A trailer firm has created 30 new jobs after setting up a new academy to train welders.
The training school at Ifor Williams Trailers was officially opened by Clwyd South AM Ken Skates, who is also the Welsh Government’s Economy and Transport Minister.
The company took the decision to train their own welders at a time when orders for their market-leading trailers are soaring.
The iconic Welsh brand was established in 1958 in Cynwyd, near Corwen, where it still has a factory, and the firm also has manufacturing sites in Corwen, Ruthin, Sandycroft and on Deeside Industrial Estate where it employs a total of more than 500 people.
The 30 welding jobs are on top of the 100 posts created at the new £5 million Sandycroft factory which opened in November 2017 and as part of the company’s ongoing recruitment drive.
The company also has 50 UK trailer outlets and an international network of distributors as far afield as Australia and New Zealand.
Mr Skates said:
“Setting up the Weld Academy was a brilliant idea.
“It’s music to my ears to hear about a world class company like Ifor Williams Trailers investing in training and development, making sure that the employees here are equipped with the skills that will make sure they stay here for a good length of time to come.
“Ifor Williams Trailers is a flag-carrier internationally for Wales, and for the UK it’s got to be said. It’s a jewel in the crown of the Welsh economy.
Mr. Skats continued:
“I’m incredibly proud the company is based here in North Wales. It employs a huge number of loyal, dedicated, skilled people and it’s an incredible success so we must never stop cheering.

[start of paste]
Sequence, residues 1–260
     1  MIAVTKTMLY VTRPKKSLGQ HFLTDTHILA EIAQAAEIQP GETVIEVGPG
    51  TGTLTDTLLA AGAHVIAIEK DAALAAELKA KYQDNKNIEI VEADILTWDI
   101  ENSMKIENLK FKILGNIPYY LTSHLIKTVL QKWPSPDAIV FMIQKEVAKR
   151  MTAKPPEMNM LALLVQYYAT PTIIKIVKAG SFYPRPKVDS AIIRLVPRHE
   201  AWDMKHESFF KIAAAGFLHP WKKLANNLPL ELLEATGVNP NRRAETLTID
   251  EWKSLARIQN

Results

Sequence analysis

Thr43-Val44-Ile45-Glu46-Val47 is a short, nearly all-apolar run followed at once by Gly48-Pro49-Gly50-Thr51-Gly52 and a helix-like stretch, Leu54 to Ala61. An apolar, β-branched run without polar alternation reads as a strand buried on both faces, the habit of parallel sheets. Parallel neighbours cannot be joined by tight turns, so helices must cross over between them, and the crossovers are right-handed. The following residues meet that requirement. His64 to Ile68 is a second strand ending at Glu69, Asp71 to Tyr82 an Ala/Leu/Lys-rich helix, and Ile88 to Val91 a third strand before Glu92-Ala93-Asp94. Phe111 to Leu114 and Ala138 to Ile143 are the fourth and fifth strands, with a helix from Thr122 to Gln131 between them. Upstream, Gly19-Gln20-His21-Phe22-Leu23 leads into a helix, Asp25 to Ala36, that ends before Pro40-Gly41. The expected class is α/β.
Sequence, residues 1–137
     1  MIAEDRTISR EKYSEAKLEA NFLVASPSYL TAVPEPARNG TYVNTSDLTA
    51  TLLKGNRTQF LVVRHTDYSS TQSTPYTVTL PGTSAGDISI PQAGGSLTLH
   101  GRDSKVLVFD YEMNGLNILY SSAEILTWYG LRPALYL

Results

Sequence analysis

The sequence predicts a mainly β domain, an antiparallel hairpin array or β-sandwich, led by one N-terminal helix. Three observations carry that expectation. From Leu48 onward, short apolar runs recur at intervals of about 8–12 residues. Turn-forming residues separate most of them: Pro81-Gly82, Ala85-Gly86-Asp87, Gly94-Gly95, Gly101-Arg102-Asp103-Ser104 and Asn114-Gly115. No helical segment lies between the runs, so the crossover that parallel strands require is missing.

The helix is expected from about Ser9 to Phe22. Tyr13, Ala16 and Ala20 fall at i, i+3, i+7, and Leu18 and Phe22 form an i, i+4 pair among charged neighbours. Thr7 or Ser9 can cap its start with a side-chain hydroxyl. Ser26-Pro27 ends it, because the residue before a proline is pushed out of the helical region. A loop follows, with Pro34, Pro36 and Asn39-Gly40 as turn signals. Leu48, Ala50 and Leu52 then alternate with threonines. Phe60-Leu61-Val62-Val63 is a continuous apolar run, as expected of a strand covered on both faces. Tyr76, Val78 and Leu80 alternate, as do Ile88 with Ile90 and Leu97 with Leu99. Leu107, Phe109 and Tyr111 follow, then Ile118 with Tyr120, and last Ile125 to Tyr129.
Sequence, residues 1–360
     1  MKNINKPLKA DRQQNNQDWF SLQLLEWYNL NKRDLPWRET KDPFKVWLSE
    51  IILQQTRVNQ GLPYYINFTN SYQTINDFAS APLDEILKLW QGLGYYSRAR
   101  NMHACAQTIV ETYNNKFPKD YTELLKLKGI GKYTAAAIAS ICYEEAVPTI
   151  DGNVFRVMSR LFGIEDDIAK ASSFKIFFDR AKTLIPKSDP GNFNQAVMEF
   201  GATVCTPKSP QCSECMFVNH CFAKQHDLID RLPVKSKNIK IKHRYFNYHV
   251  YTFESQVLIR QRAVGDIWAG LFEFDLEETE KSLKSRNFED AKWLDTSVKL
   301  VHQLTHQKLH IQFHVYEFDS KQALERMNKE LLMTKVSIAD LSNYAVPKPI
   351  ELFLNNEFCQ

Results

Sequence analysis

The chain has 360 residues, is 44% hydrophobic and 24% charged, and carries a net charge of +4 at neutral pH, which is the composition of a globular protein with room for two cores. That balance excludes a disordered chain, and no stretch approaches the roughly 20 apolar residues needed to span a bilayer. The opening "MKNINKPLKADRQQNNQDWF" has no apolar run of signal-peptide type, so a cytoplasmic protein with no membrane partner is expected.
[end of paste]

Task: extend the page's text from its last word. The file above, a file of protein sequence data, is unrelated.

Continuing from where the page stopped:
“My last visit was six months ago to the launch of two new horseboxes at the Sandycroft site and Ifor Williams Trailers is clearly going from strength to strength. “It’s an absolute privilege and honour to be able to work with such a company; especially during these difficult times.”
Project manager Nick Backstrom, who runs the Weld Academy based at the Corwen factory, said:
“This is all about getting the local workforce skilled in line with the bespoke needs of Ifor Williams Trailers.
“It’s a really intensive course that can take someone from zero skills to being production-ready tailored to the needs of the business.
“They’re putting in close to a 150 weld hours behind the mask before they’re released.
“If they pass the test at the end of the course they will get a job and shadow an experienced welder before they work on their own.”
Among those who has made the grade is Nathan Jones, 29, from Ruthin, who said:
“I wanted to further my career and learn more skills and it’s been really good because I have learned so much.”
Fellow Weld Academy graduate Matthew Cooke, 38, from Bala, added:
“I learned a lot and it’s given me a real insight into the quality of the trailers here.
Richard Bull, Head of Components at Ifor Williams Trailers, said:
“We are looking for people who will buy into our ethos of producing high quality trailers that combine high technology with strength, durability, ease of maintenance and value for money.
“It’s important that we recruit the right people so we can continue to set the benchmark as trailer manufacturers.”